# $R/Ra$ is an injective module over itself

Let $R$ be a PID, $a\in R$ be a nonzero nonunit in $R$. Prove that $R/Ra$ is an injective module over itself.

If $R$ is a PID, every $R$- divisible module is injective, but the question concerns with $R/Ra$-module, so I have no idea to solve this problem. Help me.

• there are more solutions of this problem here Commented Oct 1, 2017 at 22:26

Use Baer's criterion: Ideals in $R/aR$ correspond to divisors of $a$, so you have to show the following:

For any $d \in R$ with $d|a$ any $R/aR$-homomorphism $f:dR/aR \to R/aR$ extends to a $R/aR$-homomorphism $R/aR \to R/aR$.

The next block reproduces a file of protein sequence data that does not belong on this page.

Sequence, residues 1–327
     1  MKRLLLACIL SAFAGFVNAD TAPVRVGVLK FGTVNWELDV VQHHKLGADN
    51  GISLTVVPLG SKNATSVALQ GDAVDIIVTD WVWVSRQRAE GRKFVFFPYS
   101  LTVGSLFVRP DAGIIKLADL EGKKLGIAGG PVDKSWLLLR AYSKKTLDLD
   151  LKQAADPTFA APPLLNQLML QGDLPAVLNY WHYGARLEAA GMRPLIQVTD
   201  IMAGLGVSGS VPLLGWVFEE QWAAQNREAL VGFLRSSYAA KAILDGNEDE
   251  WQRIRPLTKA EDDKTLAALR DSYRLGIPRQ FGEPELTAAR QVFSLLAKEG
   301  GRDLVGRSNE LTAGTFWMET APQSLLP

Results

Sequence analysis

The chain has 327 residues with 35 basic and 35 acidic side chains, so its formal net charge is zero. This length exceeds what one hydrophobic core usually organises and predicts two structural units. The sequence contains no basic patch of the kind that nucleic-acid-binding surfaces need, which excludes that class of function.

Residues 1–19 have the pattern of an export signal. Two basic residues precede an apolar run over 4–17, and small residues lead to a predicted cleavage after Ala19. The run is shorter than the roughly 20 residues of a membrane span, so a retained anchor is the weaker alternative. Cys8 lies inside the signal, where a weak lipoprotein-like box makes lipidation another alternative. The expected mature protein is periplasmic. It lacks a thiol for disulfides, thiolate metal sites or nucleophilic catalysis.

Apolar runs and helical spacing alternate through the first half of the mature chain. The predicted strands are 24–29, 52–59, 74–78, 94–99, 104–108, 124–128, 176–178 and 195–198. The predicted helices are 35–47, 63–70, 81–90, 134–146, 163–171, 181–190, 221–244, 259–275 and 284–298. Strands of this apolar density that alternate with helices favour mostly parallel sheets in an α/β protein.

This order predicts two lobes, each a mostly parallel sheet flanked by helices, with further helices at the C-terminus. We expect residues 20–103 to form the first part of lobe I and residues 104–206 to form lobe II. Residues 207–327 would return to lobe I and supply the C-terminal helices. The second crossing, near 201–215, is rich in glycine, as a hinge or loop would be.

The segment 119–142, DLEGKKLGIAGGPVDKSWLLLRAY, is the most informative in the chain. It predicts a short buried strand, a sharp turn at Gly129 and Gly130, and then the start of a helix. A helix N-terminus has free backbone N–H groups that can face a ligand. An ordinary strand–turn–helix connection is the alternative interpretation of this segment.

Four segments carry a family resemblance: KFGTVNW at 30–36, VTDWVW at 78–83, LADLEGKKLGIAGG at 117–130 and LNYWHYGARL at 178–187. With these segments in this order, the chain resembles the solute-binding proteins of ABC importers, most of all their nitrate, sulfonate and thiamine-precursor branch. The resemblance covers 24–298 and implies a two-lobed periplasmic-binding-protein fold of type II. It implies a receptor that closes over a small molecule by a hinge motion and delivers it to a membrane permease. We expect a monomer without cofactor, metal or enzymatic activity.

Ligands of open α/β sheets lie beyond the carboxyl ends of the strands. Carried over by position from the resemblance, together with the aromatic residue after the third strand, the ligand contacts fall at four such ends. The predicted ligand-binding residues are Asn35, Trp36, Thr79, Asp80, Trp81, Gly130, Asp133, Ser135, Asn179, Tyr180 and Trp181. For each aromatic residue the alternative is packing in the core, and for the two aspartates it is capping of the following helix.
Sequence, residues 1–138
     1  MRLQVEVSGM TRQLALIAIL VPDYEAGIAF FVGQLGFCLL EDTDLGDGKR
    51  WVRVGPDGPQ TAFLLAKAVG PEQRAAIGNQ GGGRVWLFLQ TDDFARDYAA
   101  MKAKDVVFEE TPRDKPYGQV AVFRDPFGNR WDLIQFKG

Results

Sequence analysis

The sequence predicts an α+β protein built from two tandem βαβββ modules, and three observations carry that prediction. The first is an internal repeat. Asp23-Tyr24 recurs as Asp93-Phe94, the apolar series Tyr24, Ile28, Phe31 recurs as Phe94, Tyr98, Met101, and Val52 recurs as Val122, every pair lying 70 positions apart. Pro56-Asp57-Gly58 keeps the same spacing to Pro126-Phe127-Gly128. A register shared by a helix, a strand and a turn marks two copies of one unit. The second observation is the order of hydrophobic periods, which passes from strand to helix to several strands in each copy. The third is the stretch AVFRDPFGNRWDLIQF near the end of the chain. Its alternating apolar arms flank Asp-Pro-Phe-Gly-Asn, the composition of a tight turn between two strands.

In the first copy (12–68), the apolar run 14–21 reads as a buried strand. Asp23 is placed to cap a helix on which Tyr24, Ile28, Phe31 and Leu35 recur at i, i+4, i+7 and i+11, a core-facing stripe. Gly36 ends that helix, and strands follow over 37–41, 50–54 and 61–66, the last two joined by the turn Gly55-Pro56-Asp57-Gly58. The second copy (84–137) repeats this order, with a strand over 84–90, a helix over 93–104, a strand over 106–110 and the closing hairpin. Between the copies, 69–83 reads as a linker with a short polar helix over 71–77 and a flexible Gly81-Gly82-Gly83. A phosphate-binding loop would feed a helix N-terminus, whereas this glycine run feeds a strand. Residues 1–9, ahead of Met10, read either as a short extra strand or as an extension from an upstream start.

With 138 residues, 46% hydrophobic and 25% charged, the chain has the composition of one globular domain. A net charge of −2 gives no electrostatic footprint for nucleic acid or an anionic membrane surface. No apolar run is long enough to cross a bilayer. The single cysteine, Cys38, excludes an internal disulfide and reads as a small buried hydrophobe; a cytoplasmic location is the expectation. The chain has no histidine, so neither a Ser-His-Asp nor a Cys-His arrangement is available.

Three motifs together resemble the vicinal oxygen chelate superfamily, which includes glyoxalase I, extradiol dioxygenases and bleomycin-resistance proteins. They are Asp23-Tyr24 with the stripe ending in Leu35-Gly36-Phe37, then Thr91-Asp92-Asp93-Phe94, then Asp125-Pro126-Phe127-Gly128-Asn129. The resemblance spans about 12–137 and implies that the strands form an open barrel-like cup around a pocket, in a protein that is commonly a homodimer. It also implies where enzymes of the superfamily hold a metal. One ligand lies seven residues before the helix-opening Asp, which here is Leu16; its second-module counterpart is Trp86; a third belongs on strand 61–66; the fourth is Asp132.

A homomorphism $f:dR/aR \to R/aR$ is given by the image of $d$ and since we have $\frac{a}{d}d=0$ in $dR/aR$, the image $f(d)$ must also satisfy $\frac{a}{d}f(d)=0$, equivalent to $d|f(d)$. Hence we can extend $f$ to $$R/aR \to R/aR ~,~ 1 \mapsto \frac{f(d)}{d}$$

You could also embed this into a more general context: If $M$ is an injective $R$-Module and $I$ an ideal of $R$, then $$M[I] := \{m \in M | Im=0 \}$$ is an injective $R/I$-module (This is a one-liner, just write down the defining diagram of an injective object and do some abstract nonsense).

In your setting, we know that $Q(R)/R$ is an injective $R$-module, hence $R/aR \cong (Q(R)/R)[aR]$ is an injective $R/aR$-module (The elements in $Q(R)/R$, which are annihilated by $a$ are precisely spanned by $\frac{1}{a}$, hence isomorphic to the cyclic module $R/aR$).

• What is $Q(R)$? Commented Apr 14, 2015 at 2:14
• The quotient field of $R$.
– MooS
Commented Apr 14, 2015 at 4:43